Sugar decision condemned
A MOVE by Wilmar Sugar Australia to exit their sugar marketing arrangements with Queensland Sugar Limited (QSL) has been described as “a bastard act” by Member for Dawson, George Christensen.
The operators of the Proserpine mill announced last week that they would establish their own marketing arm – a move Mr Christensen says could spell the end for QSL.
“I condemn Wilmar for making a decision like this without consultation with their farmers,” Mr Christensen said.
“It is not right for a multinational company that has only recently entered the Australian sugar market to make a unilateral decision to essentially strip sugar cane growers of their ability to determine their own future.”
Mr Christensen reminded Wilmar Sugar Australia of the events of 2011 when QSL forward-priced a considerable amount of sugar on behalf of Wilmar and QSL’s other mills, but due to unseasonal rain and crop destruction it could not be supplied.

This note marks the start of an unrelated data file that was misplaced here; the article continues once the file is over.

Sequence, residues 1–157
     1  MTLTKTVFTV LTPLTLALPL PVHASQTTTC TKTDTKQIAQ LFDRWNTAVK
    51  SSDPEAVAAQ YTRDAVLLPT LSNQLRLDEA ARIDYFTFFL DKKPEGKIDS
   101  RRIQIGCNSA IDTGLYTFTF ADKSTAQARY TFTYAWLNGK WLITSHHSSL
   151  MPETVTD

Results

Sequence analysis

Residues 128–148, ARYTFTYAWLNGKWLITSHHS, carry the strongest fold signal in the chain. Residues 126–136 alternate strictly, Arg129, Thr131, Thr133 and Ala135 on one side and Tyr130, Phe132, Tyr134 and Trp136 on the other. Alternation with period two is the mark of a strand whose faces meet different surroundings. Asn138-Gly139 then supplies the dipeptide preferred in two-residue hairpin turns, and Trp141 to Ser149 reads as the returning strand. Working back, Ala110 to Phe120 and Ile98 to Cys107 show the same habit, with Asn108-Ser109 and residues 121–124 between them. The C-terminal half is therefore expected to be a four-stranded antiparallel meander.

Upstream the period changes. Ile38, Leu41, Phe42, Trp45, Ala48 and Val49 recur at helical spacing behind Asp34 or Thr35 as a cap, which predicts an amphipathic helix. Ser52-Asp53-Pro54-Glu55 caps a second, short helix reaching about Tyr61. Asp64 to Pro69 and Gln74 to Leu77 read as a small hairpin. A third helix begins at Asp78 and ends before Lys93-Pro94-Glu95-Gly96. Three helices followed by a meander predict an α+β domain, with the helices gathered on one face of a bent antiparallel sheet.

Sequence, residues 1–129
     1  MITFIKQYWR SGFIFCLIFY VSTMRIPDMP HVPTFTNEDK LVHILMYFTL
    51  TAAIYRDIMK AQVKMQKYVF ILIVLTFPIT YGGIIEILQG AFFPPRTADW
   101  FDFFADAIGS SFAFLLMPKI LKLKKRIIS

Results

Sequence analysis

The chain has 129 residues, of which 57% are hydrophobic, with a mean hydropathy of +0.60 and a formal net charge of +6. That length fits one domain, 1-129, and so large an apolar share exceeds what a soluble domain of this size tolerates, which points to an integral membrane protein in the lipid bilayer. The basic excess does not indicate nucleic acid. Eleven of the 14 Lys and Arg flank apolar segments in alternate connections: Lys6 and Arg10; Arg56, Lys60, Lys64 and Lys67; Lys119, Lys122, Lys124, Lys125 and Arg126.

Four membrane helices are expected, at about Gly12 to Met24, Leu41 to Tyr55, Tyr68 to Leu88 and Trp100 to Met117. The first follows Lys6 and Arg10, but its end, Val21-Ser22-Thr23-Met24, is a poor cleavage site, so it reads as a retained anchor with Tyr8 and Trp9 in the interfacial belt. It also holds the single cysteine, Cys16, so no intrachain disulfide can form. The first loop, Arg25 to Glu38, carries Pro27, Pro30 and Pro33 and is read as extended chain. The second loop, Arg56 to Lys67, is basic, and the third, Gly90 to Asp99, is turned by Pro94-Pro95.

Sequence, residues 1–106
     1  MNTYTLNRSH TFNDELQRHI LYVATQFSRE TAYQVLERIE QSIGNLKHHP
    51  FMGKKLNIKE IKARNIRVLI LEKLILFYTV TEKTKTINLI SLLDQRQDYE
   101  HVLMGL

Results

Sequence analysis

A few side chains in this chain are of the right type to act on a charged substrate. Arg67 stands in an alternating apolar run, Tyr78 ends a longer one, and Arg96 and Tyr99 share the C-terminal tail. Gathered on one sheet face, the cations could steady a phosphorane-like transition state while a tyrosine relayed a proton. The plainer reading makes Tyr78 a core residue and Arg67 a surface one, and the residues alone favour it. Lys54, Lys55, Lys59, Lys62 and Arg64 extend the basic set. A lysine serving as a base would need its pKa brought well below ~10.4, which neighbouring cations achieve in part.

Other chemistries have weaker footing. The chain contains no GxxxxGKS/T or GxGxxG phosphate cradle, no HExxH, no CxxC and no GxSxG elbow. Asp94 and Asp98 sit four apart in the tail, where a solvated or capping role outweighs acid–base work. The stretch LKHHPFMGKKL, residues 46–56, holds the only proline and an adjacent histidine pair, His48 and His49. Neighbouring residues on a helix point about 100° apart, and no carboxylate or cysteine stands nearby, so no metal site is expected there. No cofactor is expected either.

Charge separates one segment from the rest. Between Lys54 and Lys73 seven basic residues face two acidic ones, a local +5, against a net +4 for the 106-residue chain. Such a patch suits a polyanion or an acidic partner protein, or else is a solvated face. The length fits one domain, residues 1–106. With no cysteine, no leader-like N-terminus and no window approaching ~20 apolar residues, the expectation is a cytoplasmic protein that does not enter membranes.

“They forced that on growers by taking a cut out of their payments. Well they can’t have it both ways. When there’s a loss to wear, growers own the sugar, but when it comes to marketing, growers have no ownership at all, it’s Wilmar’s decision.
“This might be the way Wilmar does business in Asia, but that’s not the way we do business in Australia,” he said.
Wilmar’s executive general manager for North Queensland, John Pratt, defended the decision saying Wilmar aimed to create a genuine commercial partnership with growers and wanted to jointly develop the new marketing model. “We are keen to discuss the proposal in detail,” he said.
Grower consultation started on Tuesday with cane farmers from Proserpine travelling to Townsville for an initial meeting.
Meanwhile, Mr Christensen has vowed to take the strongest possible stand and will be actively lobbying for a legislative instrument to protect growers’ economic interests.